Muhammad Zafarullah Khan

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Justice Sir
CH Muhammad Zafarullah Khan
محمد ظفر اللہ خان
Muhammad Zafarullah Khan.jpg
Minister of Foreign Affairs of Pakistan
In office
27 December 1947 – 24 October 1954
Prime Minister Liaquat Ali Khan
Khawaja Nazimuddin
Muhammad Ali Bogra
Preceded by Liaquat Ali Khan
Succeeded by Muhammad Ali Bogra
President of the International Court of Justice
Deputy Fouad Ammoun
Preceded by José Bustamante y Rivero
Succeeded by Manfred Lachs
Personal details
Born (1893-02-06)6 February 1893
Sialkot, Punjab, British Raj
(now Pakistan)
Died 1 September 1985(1985-09-01) (aged 92)
Lahore, Punjab, Pakistan
Political party All-India Muslim League (Before 1947)
Muslim League (1947–1958)
Alma mater Government College University, Lahore
King's College London

Chaudhry Sir Muhammad Zafarullah Khan KCSI (Urdu: محمد ظفر اللہ خان‎‎; 6 February 1893 – 1 September 1985) was a Pakistani jurist and diplomat who served as the first Foreign Minister of Pakistan and the first Asian and the only Pakistani to preside over the UN General Assembly and the International Court of Justice.[1][2][3]

Born in Sialkot, British India, Khan was educated as a lawyer at the GC University and the King's College London. Khan went on to serve as a member of Punjab Legislative Council between 1926 and 1931, and was a delegate in 1930, 1931, and 1932 to the Round Table Conferences on Indian reforms in London, England. He became a member of the All-India Muslim League which led the Pakistan movement and served as the league's president between 1931 and 1932. In 1935, he became the Minister of Railway of British India, and sat on the British Viceroy's Executive Council as its Muslim member from 1935 to 1941. In 1939 he travelled to Geneva to represent India at the League of Nations and in 1942 became the Agent-General of British India to China. In September 1941, Khan became a judge on the Federal Court of India and remained on the court until the partition of India.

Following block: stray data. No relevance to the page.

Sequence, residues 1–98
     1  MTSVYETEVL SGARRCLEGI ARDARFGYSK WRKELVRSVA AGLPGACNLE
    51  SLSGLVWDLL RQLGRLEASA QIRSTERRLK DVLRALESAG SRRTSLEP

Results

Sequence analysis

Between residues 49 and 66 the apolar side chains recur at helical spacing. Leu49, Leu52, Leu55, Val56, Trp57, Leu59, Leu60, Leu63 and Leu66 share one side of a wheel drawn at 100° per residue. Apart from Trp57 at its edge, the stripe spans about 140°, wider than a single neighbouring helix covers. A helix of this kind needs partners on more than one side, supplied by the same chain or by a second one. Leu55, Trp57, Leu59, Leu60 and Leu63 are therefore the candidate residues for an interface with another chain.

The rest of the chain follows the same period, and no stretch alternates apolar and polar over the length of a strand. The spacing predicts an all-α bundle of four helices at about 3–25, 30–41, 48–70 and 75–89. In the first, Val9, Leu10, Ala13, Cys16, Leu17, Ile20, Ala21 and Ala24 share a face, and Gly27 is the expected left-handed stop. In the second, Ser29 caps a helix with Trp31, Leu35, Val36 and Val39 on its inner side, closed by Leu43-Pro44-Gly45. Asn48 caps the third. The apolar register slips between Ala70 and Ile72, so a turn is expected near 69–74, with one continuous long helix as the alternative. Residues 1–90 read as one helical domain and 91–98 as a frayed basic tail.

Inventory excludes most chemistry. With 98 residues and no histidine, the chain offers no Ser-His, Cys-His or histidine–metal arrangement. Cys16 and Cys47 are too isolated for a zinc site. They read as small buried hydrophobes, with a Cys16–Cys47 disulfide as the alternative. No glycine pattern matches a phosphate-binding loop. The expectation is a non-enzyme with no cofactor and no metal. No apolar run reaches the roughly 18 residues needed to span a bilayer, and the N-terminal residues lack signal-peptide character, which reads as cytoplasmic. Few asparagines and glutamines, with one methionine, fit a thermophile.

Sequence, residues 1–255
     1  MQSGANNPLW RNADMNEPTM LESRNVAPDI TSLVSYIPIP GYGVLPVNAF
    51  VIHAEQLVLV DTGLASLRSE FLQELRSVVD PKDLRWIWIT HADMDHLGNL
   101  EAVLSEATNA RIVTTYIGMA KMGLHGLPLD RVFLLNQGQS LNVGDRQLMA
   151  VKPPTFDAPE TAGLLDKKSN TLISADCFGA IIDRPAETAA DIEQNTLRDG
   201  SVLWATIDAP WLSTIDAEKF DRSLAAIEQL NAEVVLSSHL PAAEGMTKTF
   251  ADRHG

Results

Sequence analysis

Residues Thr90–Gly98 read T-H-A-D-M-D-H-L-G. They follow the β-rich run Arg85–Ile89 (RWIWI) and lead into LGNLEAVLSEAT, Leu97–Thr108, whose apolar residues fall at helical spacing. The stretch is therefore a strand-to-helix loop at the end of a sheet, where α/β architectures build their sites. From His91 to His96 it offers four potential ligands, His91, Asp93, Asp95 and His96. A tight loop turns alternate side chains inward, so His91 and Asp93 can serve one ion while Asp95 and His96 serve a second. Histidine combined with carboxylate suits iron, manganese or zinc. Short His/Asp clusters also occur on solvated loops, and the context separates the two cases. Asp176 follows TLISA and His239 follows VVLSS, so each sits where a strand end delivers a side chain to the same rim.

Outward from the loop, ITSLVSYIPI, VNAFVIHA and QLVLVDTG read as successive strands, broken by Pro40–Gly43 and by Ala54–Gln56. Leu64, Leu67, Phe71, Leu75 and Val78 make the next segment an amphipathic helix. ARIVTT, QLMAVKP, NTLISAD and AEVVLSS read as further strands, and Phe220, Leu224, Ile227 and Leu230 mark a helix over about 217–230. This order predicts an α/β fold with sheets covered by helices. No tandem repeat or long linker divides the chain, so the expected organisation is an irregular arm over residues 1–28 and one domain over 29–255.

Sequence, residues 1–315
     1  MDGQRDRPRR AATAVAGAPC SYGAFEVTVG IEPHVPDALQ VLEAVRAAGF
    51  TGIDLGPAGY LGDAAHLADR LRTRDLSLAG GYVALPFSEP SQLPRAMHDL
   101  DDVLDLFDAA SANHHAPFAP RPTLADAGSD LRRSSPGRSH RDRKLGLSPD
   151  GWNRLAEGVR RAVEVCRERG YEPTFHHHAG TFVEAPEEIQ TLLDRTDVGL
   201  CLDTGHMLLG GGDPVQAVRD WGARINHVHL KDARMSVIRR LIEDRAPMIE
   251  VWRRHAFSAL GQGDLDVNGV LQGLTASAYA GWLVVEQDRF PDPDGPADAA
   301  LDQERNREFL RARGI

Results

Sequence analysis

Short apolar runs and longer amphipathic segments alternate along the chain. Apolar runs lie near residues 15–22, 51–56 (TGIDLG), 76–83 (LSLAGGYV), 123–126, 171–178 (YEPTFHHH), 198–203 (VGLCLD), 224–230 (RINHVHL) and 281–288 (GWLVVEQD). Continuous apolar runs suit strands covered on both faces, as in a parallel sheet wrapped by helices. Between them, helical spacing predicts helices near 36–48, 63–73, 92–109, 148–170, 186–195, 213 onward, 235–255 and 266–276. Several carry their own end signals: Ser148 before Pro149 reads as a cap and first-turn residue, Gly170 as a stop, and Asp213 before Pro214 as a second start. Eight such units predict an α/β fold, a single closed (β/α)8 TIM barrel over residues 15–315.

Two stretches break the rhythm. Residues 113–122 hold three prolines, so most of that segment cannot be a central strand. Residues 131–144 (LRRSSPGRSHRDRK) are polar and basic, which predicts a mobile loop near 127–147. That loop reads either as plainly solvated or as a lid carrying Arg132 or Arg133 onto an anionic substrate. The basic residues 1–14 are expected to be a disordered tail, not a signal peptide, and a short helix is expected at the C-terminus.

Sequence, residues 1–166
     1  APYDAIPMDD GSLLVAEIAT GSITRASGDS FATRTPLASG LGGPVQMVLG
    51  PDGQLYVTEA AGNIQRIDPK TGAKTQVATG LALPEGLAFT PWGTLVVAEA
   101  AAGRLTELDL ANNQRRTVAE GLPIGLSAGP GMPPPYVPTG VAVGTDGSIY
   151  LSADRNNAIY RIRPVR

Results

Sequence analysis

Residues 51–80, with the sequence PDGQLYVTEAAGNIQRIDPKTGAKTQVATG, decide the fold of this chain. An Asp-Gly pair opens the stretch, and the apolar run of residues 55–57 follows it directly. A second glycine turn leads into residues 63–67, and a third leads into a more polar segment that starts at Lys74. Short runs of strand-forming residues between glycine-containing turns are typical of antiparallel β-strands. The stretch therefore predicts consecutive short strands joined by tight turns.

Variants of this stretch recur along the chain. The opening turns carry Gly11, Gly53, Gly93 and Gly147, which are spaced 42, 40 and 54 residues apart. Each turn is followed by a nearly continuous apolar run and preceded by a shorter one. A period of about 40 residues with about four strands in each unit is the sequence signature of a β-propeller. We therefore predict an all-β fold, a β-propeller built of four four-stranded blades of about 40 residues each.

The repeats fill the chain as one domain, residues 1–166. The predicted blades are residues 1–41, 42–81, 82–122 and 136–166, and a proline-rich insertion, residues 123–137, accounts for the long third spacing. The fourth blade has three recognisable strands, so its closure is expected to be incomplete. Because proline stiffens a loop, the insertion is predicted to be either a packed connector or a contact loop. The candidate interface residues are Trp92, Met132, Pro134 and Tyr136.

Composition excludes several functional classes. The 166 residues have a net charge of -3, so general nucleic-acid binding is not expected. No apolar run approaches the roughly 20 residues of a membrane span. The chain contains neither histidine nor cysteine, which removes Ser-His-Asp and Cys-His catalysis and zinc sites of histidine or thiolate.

Khan became one of the most vocal proponents of Pakistan and led the case for the separate nation in the Radcliffe Commission which drew the countries of modern-day South Asia. He moved to Karachi in August 1947 and became a member of Pakistan's first cabinet serving as the country's debut foreign minister under the Liaquat administration. He remained Pakistan's top diplomat until 1954 when he left to serve on the International Court of Justice and remained on the court as a judge until 1958 when he became the court's vice president. He left the Hague in 1961 to become the Permanent Representative of Pakistan to the United Nations, a position he served until 1964.[4]

During his time at the UN, he also represented the State of Palestine in a de facto capacity.[5] He left the UN in 1964 to return to the ICJ and, in 1970, he became the first and only Pakistani to serve as the President of the International Court of Justice, a position he maintained until 1973.[6] He returned to Pakistan and retired in Lahore where he died in 1985 at the age of 92. Khan is considered as one of the leading founding fathers of Pakistan[7] and a prominent member of the Ahmadiyya Community in Pakistan.[8] He authored several books on Islam both in Urdu and English.[9]

Family and early life[edit]

Khan was born on 6 February 1893 in Sialkot and acquired his early education at the American Missionary School in Sialkot. Khan's father was Ch. Nasrullah Khan who was the leading attorney of his native city of Daska and a companion of Mirza Ghulam Ahmad founder of the Ahmadiyya Community. His father belonged to the Sahi Jat clan while his mother was of the Bajwa Jat clan and from both sides were Zamindars. Sir Zafarullah Khan was very close to his mother and inspired by her courage and devotion to her religion and even wrote a book called "My Mother". He studied at Government College, Lahore and received his LL.B. from King's College London, in 1914. He was called to the bar at Lincoln's Inn, London. He practised law in Sialkot and Lahore, became a member of the Punjab Legislative Council in 1926.[2][10]